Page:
n,

-3

17

17

4x10

140

145

150

155

160

165

170

x,

8x10

17

7x10

17

6x10

17

5x10

130

135

140

145

150

155

160

x,

5 -
5,

17

n,

-3

10

SL-V-B24AD
16

10

50

100

150

200

250

300

x,

3 -
3 () 2 ().

4,
3
.
.

17

7x10

-5

-4

-3

-2

-1

100

1.
..

InGaN/GaN / ..-..,
2010.
2. Tae-Soo Kim, Byung-Jun Ahn, Yanqun
Dong et al. Well-to-well non-uniformity in
InGaN/GaN multiple quantum wells characterized
by capacitance-voltage measurement with additional
laser illumination // Appl. Phys. Lett. 2012.
V. 100. P. 071910-1 071910-4.

95
17

-3

n,

85
17

80

5x10

75

ES-CABLV45C
17

4x10

G,

90

6x10

-5

-4

-3

-2

-1

5,

.

. ,
p-,
.
[2], ,


n-GaN
,
.

70

U,

4
2 (),
3 ()
. T = 300 .


.
5
5,

.


m = 455 465 .

430

XIX -
12: ,




..1, ..2
: ..., ...,
1
, 634050, , . , . , 30
2
, 119049, , . , ., 4
E-mail: karepina_ee@mail.ru



- .


(

(
,
) [1].
,
,
, ,
[2]. Al

, -,
- ,
, , ,
[3].
,
,


.
,
- ,
,

,
-
.

Al
(

.) [4].

,
(
)

.
[5]

(PBS, NaCl, ).

,

.

().

()

XRD-7000S

Shimadzu ().

()
JSM-7500FA JEOL (, 2008).
,


NaCl (: NaCl - 9 /,
pH=7,17),

0,01 .%.
72 .

37

,
,
22 72 .

.
)

.1.
NaCl: )

431

XIX -
12: ,
,
.

NaCl, )


,
,
95 (.2),
4 .

( )
.
250-320 , 6-8 (. 2).


(
0,9%- NaCl)

Al(OH)3,

(98,9 .%).

( ),

.
,

64 66 ,
98 .% [6].

Al
95 6 .%.
94 .% Al(OH)3 (. 1,1) ,

98,9 .%.
, Al(OH)3

()
(+)
:
Al0-3e=Al3+,
2H2O+2e=2OH-+H2,
Al + 3H2O = Al(OH)3 + 3/2 H2,
G=-445,4 /

:
1. Hunt W. H. Nanomaterials: Nomenclature,
Novelty, and Necessity // Journal of the
Minerals, Metals and Materials Society.
2004. V. 56. No.10. p.13-18.
2. Sabirov I.N., Murashkin M.Yu., Valiev R.Z.
Nanostructured aluminium alloys produced
by severe plastic deformation: New horizons
in development//
Materials Science &
Engineering. 2013 - No 506. - P. 124
3.
..

:
,
,
. : - . 2005.
148
4. Pailleux M., Pourchez J., Boudart D.,
Grosseau P., Cottier M. Study on the toxicity
of inhaled alumina nanoparticles: impact of
physicochemical properties and adsorption
artifacts on the measurement of biological
responses // Journal of Physics: Conference
Series - 2011., - No 012041. p. 304
5.
..,

..,

..


//
. - 2010. .5. .80. c.711718.
6. .., ..,
..
//

- 2007. 1. c.102-104.

)
)
.
2.

:
)

432

XIX -
12: ,


TiO2

.., ..
: .., ...
. .. ,
630090,, . , . , 5
E-mail: romankenzhin@gmail.com



.

TiO2,

: Degussa P-25,

Hombifine,
,
TiO2 (NA-TiO2),

. . 1


.


TiO2.

-.

,
.


.

, ,
.
, ,
, ,
.

.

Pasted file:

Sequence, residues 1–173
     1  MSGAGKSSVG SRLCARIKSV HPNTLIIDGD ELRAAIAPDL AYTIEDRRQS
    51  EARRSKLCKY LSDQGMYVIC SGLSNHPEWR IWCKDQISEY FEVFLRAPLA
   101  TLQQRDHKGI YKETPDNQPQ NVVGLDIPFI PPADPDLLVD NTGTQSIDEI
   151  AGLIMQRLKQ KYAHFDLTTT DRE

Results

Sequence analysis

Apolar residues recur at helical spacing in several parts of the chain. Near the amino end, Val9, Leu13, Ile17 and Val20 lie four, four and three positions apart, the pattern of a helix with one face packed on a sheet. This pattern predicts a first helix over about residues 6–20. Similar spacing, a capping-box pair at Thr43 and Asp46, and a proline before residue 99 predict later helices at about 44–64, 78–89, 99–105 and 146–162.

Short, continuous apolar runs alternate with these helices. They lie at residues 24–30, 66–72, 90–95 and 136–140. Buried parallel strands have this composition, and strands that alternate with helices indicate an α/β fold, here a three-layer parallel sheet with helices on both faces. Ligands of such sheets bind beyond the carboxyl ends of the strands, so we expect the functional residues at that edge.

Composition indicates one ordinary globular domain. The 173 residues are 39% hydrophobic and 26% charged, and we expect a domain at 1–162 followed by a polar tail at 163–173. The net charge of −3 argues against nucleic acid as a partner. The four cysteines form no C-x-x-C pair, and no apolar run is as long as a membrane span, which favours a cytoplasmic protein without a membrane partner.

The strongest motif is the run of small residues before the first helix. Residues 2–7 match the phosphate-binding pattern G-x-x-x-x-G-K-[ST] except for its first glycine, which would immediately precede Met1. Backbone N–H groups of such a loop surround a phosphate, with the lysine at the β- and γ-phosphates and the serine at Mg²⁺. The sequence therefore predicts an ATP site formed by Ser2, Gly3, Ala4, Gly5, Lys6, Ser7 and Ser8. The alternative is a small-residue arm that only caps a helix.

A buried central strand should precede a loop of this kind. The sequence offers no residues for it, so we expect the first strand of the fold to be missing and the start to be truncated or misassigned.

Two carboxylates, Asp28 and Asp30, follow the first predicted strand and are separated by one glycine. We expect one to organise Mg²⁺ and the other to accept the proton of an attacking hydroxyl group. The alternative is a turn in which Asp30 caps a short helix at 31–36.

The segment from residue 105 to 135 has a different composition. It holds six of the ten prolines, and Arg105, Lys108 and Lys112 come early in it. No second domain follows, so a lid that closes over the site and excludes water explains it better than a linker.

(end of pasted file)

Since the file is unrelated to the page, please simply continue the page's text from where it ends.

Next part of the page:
,
. 1

NA- TiO2 Degussa P-25.

,
(, , NO

),
(500)

c .
.



-.
( )

()
,

,
,


TiO2.
Al2O3 [1].
. 2, 3


TiO2 Hombifine NA-TiO2 (100%
80-170 20 ,
1.4*1018
0.04 ,
/).
80
: NA-TiO2
12

,
.
433

XIX -
12: ,

, ..

. Hombifine
.


550-600.
- TiO2

.

(), Nafion 10
20%.

100

. 4 -
Nafion,
.

80

60

40

20

0
Hf-80

Hf-350

Hf-400

Hf-450

Hf-550

Hf-600

Hf-650

.
2


Hombifine.
120
100

80

. 5 . 1
; 2 10% Nafion/; 3 20% Nafion/.


. . 5 ,

.
. 10%
.

,
.



. 20% Nafion/
.

( 12-03-00905-; 11-03-12138--2011).

60
40
20
0
NA-80

NA-200

NA-300

NA-400

NA-500

NA-600

.
3


NA-TiO2.
,

Nafion ( . 4).


.

140-180.
140
. . 5

1 Zotov R.A., Molchanov V.V., Volodin A.M.,


Bedilo A.F. // J. of Catal. 2011. V. 278. P. 7177.

434

XIX -
12: ,




.., .., ..
: .., ..-..,
, 634050, , . , . , 30
E-mail:Marina21011990@yandex.ru

-

InGaN/GaN- ,
.


AlGaN/InGaN/GaN (1, 2 3).


[0001].
InGaN/GaN.

.

.
300
90 45
.

( = 90),
45 (
= 45).
~ 250 ,
~ 10 .
0,0050,4 /2.
-

(
)
-23, -84
TDS 2014. (
) (
)

SONY DSLR-A500 -23
(
400700 ,
1,3 /).


1 (
2) 3 ( 1),
= 0,04 /2, . 1. ,

,

(3,353,37) (2,802,82) .
3,353,37 (
FWHM ~ 100 ,
10 ), GaN (g = 3,39
300 )
.

(Em ~ 2,802,82 ,

3N,

,

GaN, InGaN AlGaN.


,
.
,

[1,2].

()
,

.
()
10
50 10-9 10-7 [3].


(~250 ), (1103 )
(),
-
[4].



~ 10 .
(10
100 )
InGaN- , .

435

XIX -
12: ,

FWHM ~ 160200 )
( InGaN).
Em ~ (2,802,82) ,
50250
300 .

- ,


. ,
1

. 3
.
3

AlGaN/InGaN/GaN,

.
,

( 0,04 /2)



GaN InGaN - . ,


,
.

,
,

,

.

2009-2013 . 14.37.21.0888.

.1. 3 (1) 1 (2),


H = 0,04 /2


. ,
(
1 0,06 /2)

h = 2,78 .


,

. . 2
1 2,
= 45 () = 90 (, )
= 0,4 /2.
Hg I 435,83 .

[1]Reshchikov
M.A.,
Shahedipour
F . , K o r o t k o v R . Y . e t a l . // J. Appl. Phys.
2000. V.87. 7. P. 3351 3354.
[2] .., ..,
. . . // 2000. .34.
4. .496 503.
[3]
..,

. . , . . . // .
2009. 8. . 10 15.
[4]Lipatov
E.I.,
Lisitsyn
V.M.,
O l e s h k o V . I . e t a l . Cathodoluminescence.
Rijeka: InTech, 2012. 324 p.

.2. 1 (, )
2 (),
SONY DSLR-A500
H = 0,4 /2: - = 45;
- = 90
, 1
= 45


445,5 442 (FWHM ~ 12 ).
1
443 .
2,

437,2 (FWHM ~ 12 ).
436

XIX -
12: ,



.., ..
: .., ..-.., ..
. .. ,
630090, , . , . 5.
E-mail: ant.kostyukov@mail.ru

-Al2O3, -Al2O3

[6].
() . ,

() -2201

CaryEclipse (Varian)

.
, .
- .
600-900 ,

330-680 .
,
10 .
Cr2O3 1 25 .%,
( :
Al2O3:Cr3+) Cr3+ 0,01 .%.

Al2O3,
Al2O3 Cr2O3 ,
-.
[1].
Cr3+ 0,004 .% ,
( ).

-Al2O3: Cr3+
.
, -2201.

,
[2]. ,
1.

Cr2O3
. Cr3+
Al2O3
(, , , , , , )

[3]. ,

Cr3+

,
,
, R .

Al2O3:Cr3+
R .
.1. =

530 : - -Al2O3:Cr3+ (

[1,4], , Cr3+ Cr6+
103 ), - -2201, - -Al2O3:Cr3+


( 105 ).
.


=694 -2201, -Al2O3:Cr3+, -Al2O3:Cr3+
,
2.
, , ,
, -2201

650-850
.
.= 694 .
Al2O3:Cr3+ -Al2O3:Cr3+

.= 694 .=696 , .
-2201.

-2201

: -2201 -
3+
- ,
- . ~
. ~ 555 . ~ 410 ; -Al2O3:Cr
3+
(.%) [5]: SiO2 (11%) - Al2O3
560 . ~ 400 ; -Al2O3: Cr - . ~ 580
(72%) Cr2O3 (13%) K2O3 (2,8%).
. ~ 430 .

-2201

437

XIX -
12: ,

.2. = 694 : -Al2O3: Cr3+, - -2201, - -Al2O3: Cr3+.



-2201, -Al2O3: Cr3+. 1
, -2201
.=694 .

-Al2O3: Cr3+ -2201,
. .
.=694 d-d
2E4A2 Cr3+ -Al2O3.

-Al2O3:Cr3+

,
Cr3+ -Al2O3.
-2201
=696
-2201, -2201
Al2O3:Cr3+.

(350-450 ) (500-600 )
4A2